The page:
if you wish to delve into the lyrics, they're available on Metal Archives. Not that it will help you the slightest,
unless you speak Swedish.
Not for puritans, but those who think that variety is the spice of life and don't mind their music tongue in cheek,
should check out the Swedes.
Naturmacht Productions, 26.11.16
Strictly speaking, FromHell comes from Indonesia, but their inspiration might come from hell.
If so, the duo's vision of purgatory ain't so horribly deterrent. Naturmacht points out that the guys think outside the box, and that's damned right. The foundation might be
in the constellation of black metal, but as you known, the overall expression can't be tagged black metal when other
influences occupy too big parts of the overall execution. The genre hybrid thus remain undesignated, which nevertheless
don't make it less exciting. On the contrary, perhaps.
The band's first album, 巫峽王朝 Dynasty, gazed at the past, and from cover and title, I'm guessing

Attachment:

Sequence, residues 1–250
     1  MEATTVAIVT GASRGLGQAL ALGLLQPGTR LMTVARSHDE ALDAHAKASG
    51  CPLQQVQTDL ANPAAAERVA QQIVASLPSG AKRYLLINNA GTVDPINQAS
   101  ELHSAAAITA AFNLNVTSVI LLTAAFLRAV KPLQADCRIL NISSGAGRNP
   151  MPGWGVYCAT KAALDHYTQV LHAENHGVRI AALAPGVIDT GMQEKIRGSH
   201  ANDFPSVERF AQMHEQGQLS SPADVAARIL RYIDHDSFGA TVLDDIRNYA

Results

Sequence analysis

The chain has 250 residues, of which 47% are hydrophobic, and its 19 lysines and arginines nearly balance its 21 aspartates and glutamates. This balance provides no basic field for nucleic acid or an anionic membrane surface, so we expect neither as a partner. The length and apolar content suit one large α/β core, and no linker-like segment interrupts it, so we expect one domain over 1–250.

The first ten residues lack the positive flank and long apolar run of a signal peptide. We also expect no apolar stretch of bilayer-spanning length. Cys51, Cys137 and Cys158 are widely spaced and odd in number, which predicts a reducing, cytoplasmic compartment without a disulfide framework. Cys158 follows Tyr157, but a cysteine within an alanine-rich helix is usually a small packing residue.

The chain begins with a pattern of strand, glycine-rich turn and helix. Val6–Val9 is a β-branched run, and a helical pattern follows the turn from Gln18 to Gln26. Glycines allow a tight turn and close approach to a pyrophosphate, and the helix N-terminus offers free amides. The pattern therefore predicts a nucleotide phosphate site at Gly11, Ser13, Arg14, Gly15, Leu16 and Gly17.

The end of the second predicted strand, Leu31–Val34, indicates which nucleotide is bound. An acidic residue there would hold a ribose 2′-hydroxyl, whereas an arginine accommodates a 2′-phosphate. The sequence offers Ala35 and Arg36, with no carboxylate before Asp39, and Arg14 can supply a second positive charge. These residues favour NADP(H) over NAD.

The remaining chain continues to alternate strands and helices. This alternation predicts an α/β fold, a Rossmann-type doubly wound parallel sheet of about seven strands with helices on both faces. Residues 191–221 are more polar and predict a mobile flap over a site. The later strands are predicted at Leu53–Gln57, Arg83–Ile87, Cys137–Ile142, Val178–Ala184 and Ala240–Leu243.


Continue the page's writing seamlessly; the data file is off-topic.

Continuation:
on inspiration from the Ming Dynasty, although samurai are Japanese and Ming vases Chinese. (If the
cover doesn't depict a samurai, please have me excused. It's beyond my expertise.) March On Gravitation, however, sees the band look into the crystal ball, aiming for the future.
The first promo track lasts for almost 23 minutes, but is numbered 1 & 2 and titled A Million Castor | Stellar
Space. The CD version might just see them split after about 13 minutes. (Optionally around other calm sequences,
as around 3 or 7 minutes.) Before this, there are some parts reminiscent of traditional metal in the style of proto-power,
i.e. clean singing in early Helloween style. The guitar work also integrates elements from the 80s, but also
reminds a bit of Keep of Kalessin. Especially at the beginning of the Stellar Space section,
where I envision it kicking off.